I have come to think of these two concepts as the two sides of a coin or weights on a balance keeping everything in synch. When I think about being on the edge of chaos the only way to survive and develop is by being agile. I reckon agility is an important trait for a leader in a future-focused school not only because it makes dealing with uncertainty and rapid change more likely to be successful but also because it puts the leader in the position of role modelling this trait, not only for all members of the teams, but more importantly for our students whose world is going to require them to be very agile.
One of my personal goals against Principal Professional Standards in the area of Community and Networks is to not only blog my personal leadership journey but also to get out of my comfort zone and present or run workshops to a wide range of audiences. While there has been a bit of a break since my last blog (largely because a lot of my time has recently been focused on the presenting aspect for the last few weeks) I reckon I'm posting more than the average bear (in this case secondary school principals).
In the last few weeks I have been ale to present/workshop at a ChallengEd day in Auckland, 2 Emerging Leaders Conferences (Christchurch and Auckland), a Restorative Practices workshop in Auckland, the Wellington Secondary Schools Principals Association, the Central North Island DP Association in Taupo and had the privilege of spending a day workshopping with staff and students from Lincoln High School in Christchurch.
|Selfie with Yr 9 students from Lincoln|
What do we mean by the edge of chaos?
Surely this description is a huge exaggeration. Some of us don't think so.
In the 1970s our employers expected our graduates to be strong in the three R's of Reading, Riting and Rithmetic and schools concentrated on these. There was, therefore, a close alignment between employer expectations and school delivery. I was a secondary school student in the 1970s and certainly felt as if I was being prepared for the world I was about to move into.
What about now? The three key skills employers want now are team work, problem-solving and inter-personal skills. The question we have to ask is does the alignment exist. My argument that schools still concentrate their teaching, assessment and reporting on the original 3 R's and do little about the 3 21st Century skills identified above. That could lead to a bit of chaos!
As well, employment opportunities are also changing rapidly. We have already seen agriculture plummet from 40% of the employment market to less than 2% and we're fully aware of the decline in employment in the range of manufacturing and processing industries. Even the service industries which have resisted the downward trend, but even that is now starting to occur. It is the creative sector which is on the rise, currently at 35% across the developed world and likely to be at 50% by 2018. Are schools positioning themselves for this employment environment or are they, as many of us suspect, reducing concentration on the creative learning areas to maintain a firm concentration on the 3 's and STEM subjects (all of which have their place, but not to the exclusion of the creative sector). This could be chaos, especially when linked to the bit of chaos above!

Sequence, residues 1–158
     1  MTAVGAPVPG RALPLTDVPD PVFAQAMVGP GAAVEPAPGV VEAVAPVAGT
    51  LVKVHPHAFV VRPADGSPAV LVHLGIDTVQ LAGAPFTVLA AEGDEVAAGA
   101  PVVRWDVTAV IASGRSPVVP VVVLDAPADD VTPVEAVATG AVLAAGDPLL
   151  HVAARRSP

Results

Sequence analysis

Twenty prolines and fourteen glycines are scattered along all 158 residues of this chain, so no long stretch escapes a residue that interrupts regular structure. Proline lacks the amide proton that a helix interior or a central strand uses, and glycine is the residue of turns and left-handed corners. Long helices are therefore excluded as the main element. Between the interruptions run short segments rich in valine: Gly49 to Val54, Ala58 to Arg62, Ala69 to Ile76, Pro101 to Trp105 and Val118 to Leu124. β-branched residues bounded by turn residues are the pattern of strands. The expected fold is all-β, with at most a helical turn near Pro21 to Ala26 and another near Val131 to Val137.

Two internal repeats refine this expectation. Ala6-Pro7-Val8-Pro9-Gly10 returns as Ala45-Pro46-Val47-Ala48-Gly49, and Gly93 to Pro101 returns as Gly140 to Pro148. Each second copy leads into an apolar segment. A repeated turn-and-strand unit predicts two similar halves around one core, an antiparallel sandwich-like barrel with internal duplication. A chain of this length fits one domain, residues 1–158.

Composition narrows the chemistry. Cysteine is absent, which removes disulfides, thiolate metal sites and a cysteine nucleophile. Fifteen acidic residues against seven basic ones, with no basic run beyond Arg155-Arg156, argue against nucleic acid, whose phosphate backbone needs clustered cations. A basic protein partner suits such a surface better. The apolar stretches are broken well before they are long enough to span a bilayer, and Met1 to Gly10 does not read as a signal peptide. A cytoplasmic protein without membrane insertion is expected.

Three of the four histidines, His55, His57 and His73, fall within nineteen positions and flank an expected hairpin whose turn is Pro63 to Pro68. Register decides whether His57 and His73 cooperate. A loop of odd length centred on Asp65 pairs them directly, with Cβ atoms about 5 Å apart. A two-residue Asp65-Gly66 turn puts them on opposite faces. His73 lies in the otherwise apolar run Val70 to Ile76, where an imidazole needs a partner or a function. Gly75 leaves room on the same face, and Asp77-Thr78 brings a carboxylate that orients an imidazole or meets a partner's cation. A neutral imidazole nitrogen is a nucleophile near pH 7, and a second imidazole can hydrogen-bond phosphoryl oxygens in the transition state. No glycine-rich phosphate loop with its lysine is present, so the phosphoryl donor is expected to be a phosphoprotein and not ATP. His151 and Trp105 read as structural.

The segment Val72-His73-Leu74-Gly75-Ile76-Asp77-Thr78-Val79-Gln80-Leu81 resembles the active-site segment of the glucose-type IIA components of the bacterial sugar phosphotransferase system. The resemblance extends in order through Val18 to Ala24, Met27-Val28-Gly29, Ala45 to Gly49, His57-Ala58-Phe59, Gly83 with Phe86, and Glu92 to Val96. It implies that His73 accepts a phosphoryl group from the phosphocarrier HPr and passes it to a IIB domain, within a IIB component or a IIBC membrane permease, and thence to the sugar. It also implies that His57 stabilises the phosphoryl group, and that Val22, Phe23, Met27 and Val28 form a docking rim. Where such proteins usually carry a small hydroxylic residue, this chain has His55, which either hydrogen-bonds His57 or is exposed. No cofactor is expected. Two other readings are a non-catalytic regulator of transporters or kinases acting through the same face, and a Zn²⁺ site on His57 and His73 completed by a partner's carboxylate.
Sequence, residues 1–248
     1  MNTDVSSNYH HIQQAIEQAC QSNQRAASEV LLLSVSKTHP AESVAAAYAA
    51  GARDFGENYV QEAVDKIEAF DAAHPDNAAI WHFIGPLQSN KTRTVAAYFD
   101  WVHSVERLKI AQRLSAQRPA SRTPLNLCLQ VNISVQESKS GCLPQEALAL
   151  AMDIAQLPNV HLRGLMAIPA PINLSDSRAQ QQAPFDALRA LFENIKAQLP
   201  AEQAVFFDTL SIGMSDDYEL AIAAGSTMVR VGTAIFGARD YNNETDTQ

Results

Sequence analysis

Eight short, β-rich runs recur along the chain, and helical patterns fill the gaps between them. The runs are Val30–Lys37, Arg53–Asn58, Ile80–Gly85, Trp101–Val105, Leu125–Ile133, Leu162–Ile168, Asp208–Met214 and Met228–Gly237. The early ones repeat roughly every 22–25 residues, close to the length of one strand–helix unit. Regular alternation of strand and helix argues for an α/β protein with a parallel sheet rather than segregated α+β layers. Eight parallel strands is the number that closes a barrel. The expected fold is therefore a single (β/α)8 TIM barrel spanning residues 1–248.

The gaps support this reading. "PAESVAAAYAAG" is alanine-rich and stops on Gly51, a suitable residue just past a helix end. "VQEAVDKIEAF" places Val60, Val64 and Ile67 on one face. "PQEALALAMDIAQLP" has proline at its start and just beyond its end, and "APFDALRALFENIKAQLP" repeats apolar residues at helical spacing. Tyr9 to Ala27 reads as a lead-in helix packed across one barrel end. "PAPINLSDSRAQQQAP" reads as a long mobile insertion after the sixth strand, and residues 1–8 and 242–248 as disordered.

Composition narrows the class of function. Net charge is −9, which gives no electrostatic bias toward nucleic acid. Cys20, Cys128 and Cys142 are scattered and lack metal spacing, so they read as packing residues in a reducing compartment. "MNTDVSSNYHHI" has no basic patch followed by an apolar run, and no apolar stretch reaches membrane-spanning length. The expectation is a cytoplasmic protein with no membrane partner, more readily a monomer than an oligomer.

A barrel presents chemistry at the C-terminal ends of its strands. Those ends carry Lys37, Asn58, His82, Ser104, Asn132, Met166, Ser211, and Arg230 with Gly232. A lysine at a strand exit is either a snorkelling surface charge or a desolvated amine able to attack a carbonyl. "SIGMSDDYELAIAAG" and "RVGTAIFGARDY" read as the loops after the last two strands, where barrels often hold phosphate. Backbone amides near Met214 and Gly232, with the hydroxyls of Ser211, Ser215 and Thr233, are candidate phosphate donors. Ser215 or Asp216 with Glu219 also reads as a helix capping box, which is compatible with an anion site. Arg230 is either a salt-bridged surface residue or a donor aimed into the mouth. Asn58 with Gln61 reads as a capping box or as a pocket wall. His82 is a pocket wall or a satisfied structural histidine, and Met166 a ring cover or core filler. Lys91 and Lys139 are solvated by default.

Let's not forget Moore's Law. With the power of the computer chip doubling every year and the price halving every year it means that by 2022 the equivalent of today's mobile device will hold the total sum of all human knowledge retrievable in a few seconds and will only cost a few dollars.
I see this as hugely exciting for the human race. In a few short years, for the first time in our history every citizen on the earth will have full access to all knowledge. This is true liberation as we wont be held ransom to those who control knowledge and it's sharing out.
But it will contribute to the sense of chaos for schools if we don't reposition ourselves in this environment. Schools and teachers have been key players in rationing knowledge (because you are this age we're going to share this bit with you) and preventing access to knowledge (high fees, exclusions, narrow curricula). We will no longer be required if we merely dispense knowledge.
If we wish to remain on the edge of chaos (more comfortable than up to our knees in it!) we need to be the place where we assist young people to search discernibly for knowledge, critically analyse this knowledge and then use this knowledge, wisely, to solve our big problems and to improve our world. Employers, and wider society, will want people who know how to use knowledge.
If we think about the changing employment environment, the impact of Moore's Law and the urgings from MOE and ERO how should leaders in schools respond?
I have found comfort in Dweck's work on Mindset and have come to believe that what is required is not a skill set but more of a mind set.
My own leadership inquiry, which is also central within my performance appraisal, is concentrating on getting the right balance between Warm and Demanding which is a construct many of us at HPSS are exploring when we think about teaching, learning, leading and schooling.
and then as a leader......
I'm keen to develop this a lot further and also do some thinking in relation to what do we mean by Warm and Demanding Learning and what it means to be a Warm and Demanding School. I'm going to try to think how I might do this in a way which draws on the knowledge and experience that exists with you.